DRAMA COMES TO PRIOR'S FORD by EVE HOUSTON.
Actress Meredith Whitelaw, axed from a popular television soap, has descended upon Prior's Ford to 'rest' - but instead she creates havoc for the local dramatic society.
Clarissa Ramsay, travelling the world, keeps in contact with her friend Alastair Marshall, who finds himself missing her more with each letter that arrives. Then Clarrisa aloof stepdaughter Alexandra bursts into his life, in search of refuge and consolation.
Unexpected news for Lewis Ralston-Kerr causes alarm and apprehension to his parents, busy refurbishing their tumbledown manor house. And Jenny Forsyth and her husband Andrew discover, when Jenny's long-lost stepdaughter Maggie moves in, that the sweet little toddler has become a difficult teenager with a grudge to settle ....
...... Outer back cover.
FIRST SENTENCE (Chapter 1): The red Post Office van provided a welcome splash of cover in the grey December landscape as it drove down the lane from Tarbethill Farm and turned left towards the village of Prior's Ford.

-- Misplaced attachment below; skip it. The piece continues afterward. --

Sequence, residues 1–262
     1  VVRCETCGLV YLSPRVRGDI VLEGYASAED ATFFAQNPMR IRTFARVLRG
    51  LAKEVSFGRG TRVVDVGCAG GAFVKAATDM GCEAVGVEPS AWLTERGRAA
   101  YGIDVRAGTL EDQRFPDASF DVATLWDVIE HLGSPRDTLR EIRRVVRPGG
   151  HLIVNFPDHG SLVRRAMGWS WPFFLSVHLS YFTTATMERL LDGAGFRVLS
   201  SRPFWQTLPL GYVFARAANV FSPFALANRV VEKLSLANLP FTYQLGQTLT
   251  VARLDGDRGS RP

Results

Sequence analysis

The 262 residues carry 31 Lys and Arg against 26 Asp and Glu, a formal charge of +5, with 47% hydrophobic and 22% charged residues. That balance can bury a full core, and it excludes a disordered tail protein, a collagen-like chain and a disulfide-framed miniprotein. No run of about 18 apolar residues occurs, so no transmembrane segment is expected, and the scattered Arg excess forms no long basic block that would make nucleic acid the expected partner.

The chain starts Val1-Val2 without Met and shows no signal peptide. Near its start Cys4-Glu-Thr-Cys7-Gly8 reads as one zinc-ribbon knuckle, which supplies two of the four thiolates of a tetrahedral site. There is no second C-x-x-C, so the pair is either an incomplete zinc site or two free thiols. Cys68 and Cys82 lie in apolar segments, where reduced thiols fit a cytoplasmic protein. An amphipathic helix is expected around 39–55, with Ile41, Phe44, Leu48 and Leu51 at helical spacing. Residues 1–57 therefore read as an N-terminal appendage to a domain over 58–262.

MEMORABLE MOMENT (Page 190): "You're beginning to sound like a grumpy old man."
"That's because I feel like one, and what's wrong with that? Maggie's allowed to have her hair gel and her glittery belly-button, why can't I be allowed my grumpiness?
MY THOUGHTS: If like myself you haven't read the first book in Eve Houston's Prior's Ford series, Secret's In Prior's Ford, please don't be put off reading this, the second book, as it really does work perfectly well as a stand-alone novel.
A bit like becoming a newcomer to the village of Prior's Ford itself it took me a while to get to know my fellow villagers but once I did I found myself engrossed in the lives of characters such as the wonderfully out of touch (as for as teenagers go anyway) Andrew Forsyth and, my only criticism, the under-used Reverend Naomi Hennessey (think a Jamaican Vicar of Dibley type character with a son) who I hope we get to see lots more of in future books.
Warm, gentle, and yet with just enough soap opera type drama to make it feel realistic and not too sugary-sweet, this really is perfect armchair reading that because of the somewhat open ending will leave you wanting more.
KEEP IT OR NOT?: Ex-library stock. Alas not one for the shelves but I know several people who will love this.
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